After checking into the Oscars on Viggle's iPhone app, I was served a steady stream of trivia questions (in a Viggle Live engagement sponsored by Bing that actually got me to use Bing for the first time on my phone) and got to vote on who I thought would win what. I felt a stupid amount of pleasure when I guessed correctly and earned bonus points. (Viggle points can be redeemed for gift cards from the likes of Starbucks and Best Buy.) And I even felt oddly validated when I guessed wrong -- if Viggle's poll results told me that most other Vigglers got it wrong, too. I really can't imagine having watched the entire Oscar telecast if Viggle Live hadn't added an extra layer of entertainment value to keep me glued to the screen across the room and to the one in my hand.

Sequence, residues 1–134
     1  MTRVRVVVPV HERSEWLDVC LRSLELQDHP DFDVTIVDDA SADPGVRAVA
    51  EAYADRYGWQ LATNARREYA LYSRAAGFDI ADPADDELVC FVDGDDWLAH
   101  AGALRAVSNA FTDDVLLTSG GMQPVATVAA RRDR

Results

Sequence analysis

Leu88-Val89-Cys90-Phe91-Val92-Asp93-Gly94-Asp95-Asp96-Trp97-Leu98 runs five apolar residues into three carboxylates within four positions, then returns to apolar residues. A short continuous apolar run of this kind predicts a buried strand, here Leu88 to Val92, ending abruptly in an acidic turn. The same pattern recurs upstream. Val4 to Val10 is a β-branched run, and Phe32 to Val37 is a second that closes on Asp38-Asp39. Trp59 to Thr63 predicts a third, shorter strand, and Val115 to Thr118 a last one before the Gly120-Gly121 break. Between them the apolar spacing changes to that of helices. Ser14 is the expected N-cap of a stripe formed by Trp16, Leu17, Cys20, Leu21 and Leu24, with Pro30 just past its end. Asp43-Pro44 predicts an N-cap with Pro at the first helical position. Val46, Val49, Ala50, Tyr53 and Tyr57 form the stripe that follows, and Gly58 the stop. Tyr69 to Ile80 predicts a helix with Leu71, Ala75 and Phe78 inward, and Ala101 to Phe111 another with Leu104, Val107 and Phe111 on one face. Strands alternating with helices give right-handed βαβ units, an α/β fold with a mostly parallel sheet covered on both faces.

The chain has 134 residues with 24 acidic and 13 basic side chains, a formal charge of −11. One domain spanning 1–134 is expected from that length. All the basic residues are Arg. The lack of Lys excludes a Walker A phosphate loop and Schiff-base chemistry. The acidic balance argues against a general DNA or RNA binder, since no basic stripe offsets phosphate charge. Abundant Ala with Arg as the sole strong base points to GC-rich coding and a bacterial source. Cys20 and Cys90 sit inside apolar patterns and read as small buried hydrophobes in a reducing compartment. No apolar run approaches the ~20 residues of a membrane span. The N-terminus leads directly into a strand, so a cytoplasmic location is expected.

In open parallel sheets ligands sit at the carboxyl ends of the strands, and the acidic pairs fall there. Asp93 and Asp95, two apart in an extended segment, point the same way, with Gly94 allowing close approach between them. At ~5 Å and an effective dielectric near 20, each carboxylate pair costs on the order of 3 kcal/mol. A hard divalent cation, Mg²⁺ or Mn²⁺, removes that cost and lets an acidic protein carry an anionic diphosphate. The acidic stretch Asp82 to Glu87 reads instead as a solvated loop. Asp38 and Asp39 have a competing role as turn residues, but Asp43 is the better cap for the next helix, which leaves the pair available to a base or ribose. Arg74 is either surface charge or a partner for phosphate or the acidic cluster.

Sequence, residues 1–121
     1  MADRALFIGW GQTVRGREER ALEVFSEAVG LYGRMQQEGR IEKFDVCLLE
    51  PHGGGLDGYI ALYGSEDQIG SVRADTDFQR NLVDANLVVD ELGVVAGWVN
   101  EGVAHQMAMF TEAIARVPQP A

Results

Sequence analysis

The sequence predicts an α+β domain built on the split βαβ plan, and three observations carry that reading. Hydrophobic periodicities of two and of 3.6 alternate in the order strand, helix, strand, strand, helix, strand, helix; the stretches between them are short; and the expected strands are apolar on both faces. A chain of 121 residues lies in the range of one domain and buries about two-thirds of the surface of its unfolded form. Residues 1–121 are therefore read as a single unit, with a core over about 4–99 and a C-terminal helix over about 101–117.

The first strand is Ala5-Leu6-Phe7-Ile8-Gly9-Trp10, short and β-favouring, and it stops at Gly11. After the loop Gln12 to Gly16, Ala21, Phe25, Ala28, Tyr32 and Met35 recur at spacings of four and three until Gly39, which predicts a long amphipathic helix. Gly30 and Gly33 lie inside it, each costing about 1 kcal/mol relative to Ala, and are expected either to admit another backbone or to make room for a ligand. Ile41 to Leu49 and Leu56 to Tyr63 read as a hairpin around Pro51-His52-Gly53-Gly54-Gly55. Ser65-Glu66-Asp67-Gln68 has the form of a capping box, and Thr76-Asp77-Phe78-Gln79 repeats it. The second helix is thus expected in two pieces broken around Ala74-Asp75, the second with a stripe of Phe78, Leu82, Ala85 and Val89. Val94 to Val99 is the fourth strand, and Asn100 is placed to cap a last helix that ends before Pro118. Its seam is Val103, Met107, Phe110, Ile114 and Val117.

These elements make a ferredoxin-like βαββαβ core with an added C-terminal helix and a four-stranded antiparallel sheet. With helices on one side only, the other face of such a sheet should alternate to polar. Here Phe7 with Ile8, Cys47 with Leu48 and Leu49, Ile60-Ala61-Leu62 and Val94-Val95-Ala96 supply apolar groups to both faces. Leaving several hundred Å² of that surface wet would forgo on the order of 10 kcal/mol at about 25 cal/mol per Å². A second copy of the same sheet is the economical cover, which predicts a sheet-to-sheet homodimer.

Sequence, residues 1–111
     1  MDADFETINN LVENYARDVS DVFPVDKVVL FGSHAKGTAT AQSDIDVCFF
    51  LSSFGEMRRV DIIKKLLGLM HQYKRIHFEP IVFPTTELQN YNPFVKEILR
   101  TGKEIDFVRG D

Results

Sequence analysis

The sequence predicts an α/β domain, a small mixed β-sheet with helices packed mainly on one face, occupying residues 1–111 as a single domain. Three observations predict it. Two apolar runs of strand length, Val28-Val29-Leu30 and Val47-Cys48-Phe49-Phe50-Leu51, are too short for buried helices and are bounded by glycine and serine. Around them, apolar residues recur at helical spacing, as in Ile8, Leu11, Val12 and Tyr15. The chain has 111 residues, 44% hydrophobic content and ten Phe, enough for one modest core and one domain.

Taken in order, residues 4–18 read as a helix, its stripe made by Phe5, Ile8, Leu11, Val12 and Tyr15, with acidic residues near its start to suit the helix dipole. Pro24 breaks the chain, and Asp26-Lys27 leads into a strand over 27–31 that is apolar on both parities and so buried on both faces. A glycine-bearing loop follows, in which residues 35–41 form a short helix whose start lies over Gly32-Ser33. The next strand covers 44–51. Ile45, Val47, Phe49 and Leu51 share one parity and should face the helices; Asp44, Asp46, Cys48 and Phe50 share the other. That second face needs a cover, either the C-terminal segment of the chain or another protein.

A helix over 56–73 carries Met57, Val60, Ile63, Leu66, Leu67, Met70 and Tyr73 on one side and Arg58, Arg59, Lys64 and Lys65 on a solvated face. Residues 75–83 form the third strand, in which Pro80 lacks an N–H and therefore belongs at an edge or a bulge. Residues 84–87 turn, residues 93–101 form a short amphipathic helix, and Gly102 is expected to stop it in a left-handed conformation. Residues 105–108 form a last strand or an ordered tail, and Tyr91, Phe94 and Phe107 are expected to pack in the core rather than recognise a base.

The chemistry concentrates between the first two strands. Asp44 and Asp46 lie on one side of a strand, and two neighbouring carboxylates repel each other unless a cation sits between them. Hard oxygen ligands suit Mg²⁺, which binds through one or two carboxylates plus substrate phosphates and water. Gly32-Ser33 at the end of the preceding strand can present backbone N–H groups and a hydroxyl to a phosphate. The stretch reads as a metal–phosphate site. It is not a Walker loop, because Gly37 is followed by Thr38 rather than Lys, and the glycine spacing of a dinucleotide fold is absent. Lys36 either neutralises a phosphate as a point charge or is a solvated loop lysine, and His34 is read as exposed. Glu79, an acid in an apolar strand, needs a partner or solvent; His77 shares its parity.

Social TV can get consumers to engage with shows (and brands) far beyond the broadcast window.
"We provide custom metrics depending on what our sponsors are looking for," said USA Network senior VP-Digital Jesse Redniss, speaking of the various social-TV programs he and his team have devised over the past few years. "Nobody is really saying, 'We want to get clicks.' Nobody cares about the click anymore; the click is pretty much dead. Marketers really want engagement over time: 'People viewed our vehicle for X amount of time.' Or, 'We want people to experience all the cool attributes of what our brand represents.'"